Some of us weren’t blessed with a sense of direction. The fairy responsible for bestowing that gift on me at birth—in Sleeping Beauty like fashion—obviously got lost somewhere and never made it to my cradle.
I take heart that I’m not alone in this affliction. One of my icons, comedy writer Patrick McManus, used to write essays about his experiences getting lost camping. (Hey look! The sun is setting in the south!)
Last week when I was vacationing at Rocky Point, Mexico with my family, I left our building and walked across the sprawling pool area to talk to the concierge in the lobby. I wanted to know where I could rent ATVs for my son and husband. It turned out I couldn’t do that at my hotel, Las Palmas, but the concierge told me in broken English how I could get to one a few miles away that had them.
Well, I knew that was a doomed venture from the start, so I got a map for the concierge and he highlighted the way there. Problem solved. (As long as my husband drove and not me. The map-reading fairy similarly did not show up to bestow a gift on me as a child.)
I walked back across the pool area to my building. I took the elevator to the 7th floor and went to my room—701.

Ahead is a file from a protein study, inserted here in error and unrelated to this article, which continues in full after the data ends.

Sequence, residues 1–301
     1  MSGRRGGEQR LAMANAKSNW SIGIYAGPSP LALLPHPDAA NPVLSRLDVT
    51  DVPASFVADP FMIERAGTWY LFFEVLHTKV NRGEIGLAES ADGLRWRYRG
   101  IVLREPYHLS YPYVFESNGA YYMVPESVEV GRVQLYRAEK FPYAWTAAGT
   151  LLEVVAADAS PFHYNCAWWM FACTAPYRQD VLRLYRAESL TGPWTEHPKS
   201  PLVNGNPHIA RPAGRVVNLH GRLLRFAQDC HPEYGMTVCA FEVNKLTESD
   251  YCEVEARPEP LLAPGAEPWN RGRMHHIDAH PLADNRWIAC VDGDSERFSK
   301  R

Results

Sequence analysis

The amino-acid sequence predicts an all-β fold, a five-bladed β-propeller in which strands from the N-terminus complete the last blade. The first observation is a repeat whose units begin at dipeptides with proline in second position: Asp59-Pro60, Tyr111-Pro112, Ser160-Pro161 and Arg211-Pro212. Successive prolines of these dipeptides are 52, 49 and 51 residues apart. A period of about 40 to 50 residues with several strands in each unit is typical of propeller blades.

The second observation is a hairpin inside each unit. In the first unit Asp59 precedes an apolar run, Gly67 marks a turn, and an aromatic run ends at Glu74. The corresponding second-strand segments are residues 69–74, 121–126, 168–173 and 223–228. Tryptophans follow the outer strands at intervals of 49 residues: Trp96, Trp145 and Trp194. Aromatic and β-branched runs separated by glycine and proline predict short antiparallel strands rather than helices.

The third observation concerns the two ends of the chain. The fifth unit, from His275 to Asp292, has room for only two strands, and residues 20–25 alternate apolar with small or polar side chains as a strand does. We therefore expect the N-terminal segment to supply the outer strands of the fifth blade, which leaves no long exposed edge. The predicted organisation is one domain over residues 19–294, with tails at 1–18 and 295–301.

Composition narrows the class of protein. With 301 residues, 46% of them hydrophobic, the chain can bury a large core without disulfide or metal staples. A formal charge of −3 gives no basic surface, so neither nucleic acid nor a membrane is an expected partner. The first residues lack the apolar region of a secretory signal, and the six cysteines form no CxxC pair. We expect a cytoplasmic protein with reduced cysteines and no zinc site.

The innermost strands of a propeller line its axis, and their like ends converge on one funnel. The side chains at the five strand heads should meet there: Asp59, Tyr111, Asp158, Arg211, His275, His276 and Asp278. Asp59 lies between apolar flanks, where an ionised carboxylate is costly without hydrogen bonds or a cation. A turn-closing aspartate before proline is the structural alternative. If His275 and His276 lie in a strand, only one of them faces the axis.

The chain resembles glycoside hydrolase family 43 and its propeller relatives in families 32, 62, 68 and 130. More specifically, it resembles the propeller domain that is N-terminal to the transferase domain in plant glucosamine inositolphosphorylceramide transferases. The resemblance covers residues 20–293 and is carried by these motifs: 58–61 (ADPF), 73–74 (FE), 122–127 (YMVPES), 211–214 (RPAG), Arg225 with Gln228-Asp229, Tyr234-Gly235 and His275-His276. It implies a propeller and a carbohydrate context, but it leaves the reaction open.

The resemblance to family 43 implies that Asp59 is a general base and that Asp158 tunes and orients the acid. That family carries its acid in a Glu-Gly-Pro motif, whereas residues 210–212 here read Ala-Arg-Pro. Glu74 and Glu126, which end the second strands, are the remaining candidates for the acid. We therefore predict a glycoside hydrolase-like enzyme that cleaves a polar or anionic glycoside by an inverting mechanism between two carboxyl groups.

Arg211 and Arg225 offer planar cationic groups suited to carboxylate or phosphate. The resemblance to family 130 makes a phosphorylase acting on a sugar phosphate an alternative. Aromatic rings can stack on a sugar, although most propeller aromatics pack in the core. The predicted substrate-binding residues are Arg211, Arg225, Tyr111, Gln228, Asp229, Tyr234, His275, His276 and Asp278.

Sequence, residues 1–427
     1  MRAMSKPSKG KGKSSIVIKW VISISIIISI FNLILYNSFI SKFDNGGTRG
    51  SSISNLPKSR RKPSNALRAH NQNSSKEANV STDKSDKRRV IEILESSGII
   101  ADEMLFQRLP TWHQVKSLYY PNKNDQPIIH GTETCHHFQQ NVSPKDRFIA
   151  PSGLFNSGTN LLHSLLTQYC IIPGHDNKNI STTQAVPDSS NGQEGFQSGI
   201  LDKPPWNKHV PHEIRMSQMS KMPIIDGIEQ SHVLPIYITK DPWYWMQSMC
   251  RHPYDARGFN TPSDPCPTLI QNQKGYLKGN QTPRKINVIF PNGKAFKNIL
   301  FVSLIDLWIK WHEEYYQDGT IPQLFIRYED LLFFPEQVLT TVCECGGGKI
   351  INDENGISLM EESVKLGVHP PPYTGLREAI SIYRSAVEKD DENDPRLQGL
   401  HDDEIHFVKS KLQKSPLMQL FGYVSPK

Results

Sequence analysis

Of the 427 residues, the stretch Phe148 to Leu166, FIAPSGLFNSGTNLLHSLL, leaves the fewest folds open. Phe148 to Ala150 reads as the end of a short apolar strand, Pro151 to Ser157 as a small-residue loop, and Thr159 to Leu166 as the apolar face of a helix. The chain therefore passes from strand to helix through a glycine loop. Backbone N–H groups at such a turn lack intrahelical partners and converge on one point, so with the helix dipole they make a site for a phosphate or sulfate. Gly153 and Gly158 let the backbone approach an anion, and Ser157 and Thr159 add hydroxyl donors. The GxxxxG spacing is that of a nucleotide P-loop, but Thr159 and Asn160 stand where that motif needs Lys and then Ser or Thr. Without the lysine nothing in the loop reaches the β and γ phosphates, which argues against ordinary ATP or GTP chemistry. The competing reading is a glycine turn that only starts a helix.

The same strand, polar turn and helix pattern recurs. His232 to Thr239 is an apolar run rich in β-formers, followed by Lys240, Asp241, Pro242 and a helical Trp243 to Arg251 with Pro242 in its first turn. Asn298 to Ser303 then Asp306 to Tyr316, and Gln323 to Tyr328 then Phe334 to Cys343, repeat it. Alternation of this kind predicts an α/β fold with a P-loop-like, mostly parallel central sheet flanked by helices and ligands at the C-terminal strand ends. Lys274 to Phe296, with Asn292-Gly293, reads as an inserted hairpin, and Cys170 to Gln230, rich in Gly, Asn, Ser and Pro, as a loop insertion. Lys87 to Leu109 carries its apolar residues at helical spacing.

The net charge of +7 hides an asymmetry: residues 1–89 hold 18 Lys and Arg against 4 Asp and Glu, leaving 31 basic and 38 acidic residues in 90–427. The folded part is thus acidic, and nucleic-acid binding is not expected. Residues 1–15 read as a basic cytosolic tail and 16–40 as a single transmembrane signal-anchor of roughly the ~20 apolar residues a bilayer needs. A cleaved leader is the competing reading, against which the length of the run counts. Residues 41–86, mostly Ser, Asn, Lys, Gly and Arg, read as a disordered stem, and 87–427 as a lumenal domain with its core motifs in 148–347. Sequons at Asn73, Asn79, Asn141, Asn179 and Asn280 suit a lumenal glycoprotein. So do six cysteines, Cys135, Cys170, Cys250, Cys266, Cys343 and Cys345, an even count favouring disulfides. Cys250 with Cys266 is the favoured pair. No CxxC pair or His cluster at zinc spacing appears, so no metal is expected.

The key wouldn’t turn in the lock.
We’d had a little trouble with the dead bolt earlier, so I kept trying, but had no luck. I wondered with frustration why my children, who were all parked in the living room watching DVDs didn’t just come and open the door for me. Finally I pounded on the door.
The little ingrates. I pounded again, and then when that didn’t produce results I stood on my tiptoes to peer through the pane of glass over the door.
Not only were my children not in the room, but the room was completely different than the one I’d left.
I looked at the door. Yes, it was 701, which is what my key read.
This was one of those moments when I almost expected a black and white visage of Rod Serling to appear around the corner and with his trademark smirk say, “For your consideration—Janette thought she’d taken a get away to Mexico but now finds herself vacationing in The Twilight Zone!”
Then I noticed the key said 701 G.
As it turns out there was more than one building at Las Palmas. In fact, my husband pointed out that there were four identical buildings. He informed me of this with a sort of how-could-you-not-notice-four-identical-buildings expression on his face.
To say I’m unobservant isn’t quite accurate. I was observing the buildings. I was observing how the sunlight hit them and trying to find the right descriptive word in case I ever used this place in a novel. There are so many stretching buildings; bright, crisp, and vibrant against the sunshine. But that doesn’t really describe it. I never could find the right word.
Description, like direction, isn’t my strong point.